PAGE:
- Fill a 5-gallon bucket with water.
- Add 1 pound of shock to the bucket.
- Stir the shock slowly to prevent splashing.
- Make sure the pool is running.
- Shock water at night or dusk (recommended) and let the pool run for 8-10 hours overnight.
Read More From Dengarden
Shock your swimming pool by pre-dissolving each pound of shock in a bucket of water before adding it to the water. Add shock to the water, not water to the shock! Pour the shock around the pool slowly to prevent splashing (or at least minimize it). Use one bag of shock per 10,000 gallons of water because one bag treats approximately that much.
If your water has a high amount of algae, then you might have to treat the pool more than just one time. Otherwise, the algae might spawn again. Don't worry if the water looks cloudy and murky after adding the shock. Once the water runs through the filter for a while, the water will eventually start to look clearer.
Once the chlorine levels are below 5.0, use algaecide, and allow it to work through the water for 24 hours or so.
Brushing and Vacuuming the Pool
Use a brush and a vacuum to clean up any dead algae. Make sure to clean both the bottom and sides of the pool. If you are having trouble removing the dead algae, you can use flocculant. Flocculant bonds contaminants together to make algae easier to remove.
After this treatment, the water should be crystal clear. Check the chemical levels to ensure they are in the normal range. If algae comes back, you can go through the process of shocking the pool again.
Why Is My Pool Green After a Heavy Rain or Thunder/Lightning Storm?
A common question many people and pool owners may ask is, "Why does my pool turn green after a heavy thunderstorm?" First of all, strong winds can cause dirt and debris to fall into your pool. Normally, on a low wind sunny day, this is not so much an issue. But during a thunderstorm there is a much greater chance that dirt and debris will get into the water. And of course, the rainwater affects the water chemistry as well, which is why the water may turn green.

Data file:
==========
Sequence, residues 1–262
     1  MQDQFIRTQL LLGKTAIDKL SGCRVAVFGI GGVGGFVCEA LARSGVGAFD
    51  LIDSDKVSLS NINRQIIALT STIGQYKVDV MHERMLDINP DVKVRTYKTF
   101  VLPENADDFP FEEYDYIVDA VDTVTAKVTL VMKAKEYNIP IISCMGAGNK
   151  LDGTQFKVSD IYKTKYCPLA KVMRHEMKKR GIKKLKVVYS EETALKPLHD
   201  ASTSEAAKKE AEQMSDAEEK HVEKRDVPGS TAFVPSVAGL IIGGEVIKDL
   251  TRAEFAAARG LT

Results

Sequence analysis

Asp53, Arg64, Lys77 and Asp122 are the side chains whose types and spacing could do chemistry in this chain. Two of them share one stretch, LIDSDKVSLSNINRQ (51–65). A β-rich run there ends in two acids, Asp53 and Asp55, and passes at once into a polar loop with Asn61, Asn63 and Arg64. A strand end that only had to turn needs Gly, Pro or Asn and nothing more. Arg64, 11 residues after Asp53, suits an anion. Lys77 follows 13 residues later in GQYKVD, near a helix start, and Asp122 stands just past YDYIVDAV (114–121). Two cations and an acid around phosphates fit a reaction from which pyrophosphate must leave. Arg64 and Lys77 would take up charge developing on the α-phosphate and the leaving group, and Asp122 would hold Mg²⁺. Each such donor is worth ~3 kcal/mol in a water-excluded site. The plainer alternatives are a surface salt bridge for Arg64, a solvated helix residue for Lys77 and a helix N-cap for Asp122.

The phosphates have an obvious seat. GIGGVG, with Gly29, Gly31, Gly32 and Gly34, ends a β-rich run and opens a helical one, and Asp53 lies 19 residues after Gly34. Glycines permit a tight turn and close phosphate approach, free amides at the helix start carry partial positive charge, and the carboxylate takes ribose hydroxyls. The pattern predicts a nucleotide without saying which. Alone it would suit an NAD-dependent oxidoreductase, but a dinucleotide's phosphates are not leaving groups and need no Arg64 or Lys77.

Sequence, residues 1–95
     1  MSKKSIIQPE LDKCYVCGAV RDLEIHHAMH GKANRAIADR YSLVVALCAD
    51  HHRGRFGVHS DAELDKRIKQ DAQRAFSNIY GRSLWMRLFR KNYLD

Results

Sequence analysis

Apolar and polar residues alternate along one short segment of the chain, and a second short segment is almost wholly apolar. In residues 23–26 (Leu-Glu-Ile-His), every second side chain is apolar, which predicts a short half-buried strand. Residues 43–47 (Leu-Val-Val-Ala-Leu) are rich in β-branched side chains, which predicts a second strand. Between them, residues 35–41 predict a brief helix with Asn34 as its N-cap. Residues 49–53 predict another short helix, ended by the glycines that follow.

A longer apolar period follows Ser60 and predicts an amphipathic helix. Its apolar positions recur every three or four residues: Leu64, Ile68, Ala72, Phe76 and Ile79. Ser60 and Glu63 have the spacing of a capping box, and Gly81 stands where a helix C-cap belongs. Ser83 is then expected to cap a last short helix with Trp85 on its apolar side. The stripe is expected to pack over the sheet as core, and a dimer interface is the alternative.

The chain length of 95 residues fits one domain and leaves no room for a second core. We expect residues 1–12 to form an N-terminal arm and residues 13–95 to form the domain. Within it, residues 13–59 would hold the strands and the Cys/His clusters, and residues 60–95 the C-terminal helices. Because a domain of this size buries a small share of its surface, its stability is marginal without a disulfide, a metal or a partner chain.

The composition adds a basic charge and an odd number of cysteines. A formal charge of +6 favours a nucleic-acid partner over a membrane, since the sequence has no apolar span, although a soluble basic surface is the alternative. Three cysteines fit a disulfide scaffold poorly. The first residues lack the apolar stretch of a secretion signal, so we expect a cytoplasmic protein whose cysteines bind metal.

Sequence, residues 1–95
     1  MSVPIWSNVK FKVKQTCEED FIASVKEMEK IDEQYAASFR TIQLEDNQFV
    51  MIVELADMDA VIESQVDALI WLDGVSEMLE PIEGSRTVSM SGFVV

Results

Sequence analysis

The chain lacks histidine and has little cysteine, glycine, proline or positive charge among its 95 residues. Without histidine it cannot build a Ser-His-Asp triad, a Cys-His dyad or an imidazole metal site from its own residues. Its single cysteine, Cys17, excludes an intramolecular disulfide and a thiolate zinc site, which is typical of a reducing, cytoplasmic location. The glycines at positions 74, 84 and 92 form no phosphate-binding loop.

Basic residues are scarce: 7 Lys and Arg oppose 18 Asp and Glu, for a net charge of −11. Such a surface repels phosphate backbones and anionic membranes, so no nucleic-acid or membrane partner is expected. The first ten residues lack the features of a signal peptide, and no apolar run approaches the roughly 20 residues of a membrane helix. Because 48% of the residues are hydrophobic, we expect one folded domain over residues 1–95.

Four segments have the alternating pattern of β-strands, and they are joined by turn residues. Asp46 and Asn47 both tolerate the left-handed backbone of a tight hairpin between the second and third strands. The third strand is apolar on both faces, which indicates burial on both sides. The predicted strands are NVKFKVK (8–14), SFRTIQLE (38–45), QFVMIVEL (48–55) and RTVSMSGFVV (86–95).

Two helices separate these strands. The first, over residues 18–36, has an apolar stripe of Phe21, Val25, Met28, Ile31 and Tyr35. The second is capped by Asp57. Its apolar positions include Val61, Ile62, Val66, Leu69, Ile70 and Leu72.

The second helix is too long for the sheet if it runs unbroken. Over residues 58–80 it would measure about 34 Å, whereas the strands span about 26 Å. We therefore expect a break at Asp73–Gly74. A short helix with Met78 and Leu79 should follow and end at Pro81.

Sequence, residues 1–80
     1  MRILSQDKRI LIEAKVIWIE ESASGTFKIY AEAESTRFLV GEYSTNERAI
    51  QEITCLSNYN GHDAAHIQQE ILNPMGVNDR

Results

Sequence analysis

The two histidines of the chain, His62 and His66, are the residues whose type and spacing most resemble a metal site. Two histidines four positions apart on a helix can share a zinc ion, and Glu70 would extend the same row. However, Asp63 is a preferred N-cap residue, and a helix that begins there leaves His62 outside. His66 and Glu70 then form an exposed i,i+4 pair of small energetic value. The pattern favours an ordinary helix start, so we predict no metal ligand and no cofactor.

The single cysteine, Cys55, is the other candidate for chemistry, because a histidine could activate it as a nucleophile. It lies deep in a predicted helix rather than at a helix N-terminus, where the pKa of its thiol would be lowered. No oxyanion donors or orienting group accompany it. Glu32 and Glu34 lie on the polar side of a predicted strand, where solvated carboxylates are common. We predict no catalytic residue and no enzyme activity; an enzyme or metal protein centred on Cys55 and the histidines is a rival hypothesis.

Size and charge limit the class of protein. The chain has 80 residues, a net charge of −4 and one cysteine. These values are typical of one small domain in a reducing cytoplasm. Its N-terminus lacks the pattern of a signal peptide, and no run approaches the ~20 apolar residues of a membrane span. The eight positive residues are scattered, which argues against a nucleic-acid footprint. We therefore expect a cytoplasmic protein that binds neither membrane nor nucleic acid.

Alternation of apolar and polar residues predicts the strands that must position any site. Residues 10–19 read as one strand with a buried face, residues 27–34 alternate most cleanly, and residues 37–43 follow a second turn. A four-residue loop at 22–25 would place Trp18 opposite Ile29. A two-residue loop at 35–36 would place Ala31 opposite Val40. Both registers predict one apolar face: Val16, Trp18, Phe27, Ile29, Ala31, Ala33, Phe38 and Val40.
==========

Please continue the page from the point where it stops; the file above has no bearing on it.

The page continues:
Also, even lightning can affect the color of your pool. Don't believe that? There is an explanation! The lightning affects the nitrogen levels. This will will make algae turn even greener.
This article is accurate and true to the best of the author’s knowledge. Content is for informational or entertainment purposes only and does not substitute for personal counsel or professional advice in business, financial, legal, or technical matters.
Jerry on August 02, 2017:
What is your recommendations on keeping a pool clean during lots of rain? We finally got rid of the yellow algea and now we can't seem to keep the pool clear from the green algea.
phil greco on July 06, 2017:
pool was clearing started cleaning it turned light green.
put in green out and then shock it turned pea green it foamed after using black magnet. It's to costly to clear the pool out
should I just use gallons of bleach.
Cindy on May 26, 2016:
Can you use a spa algicyde in a pool?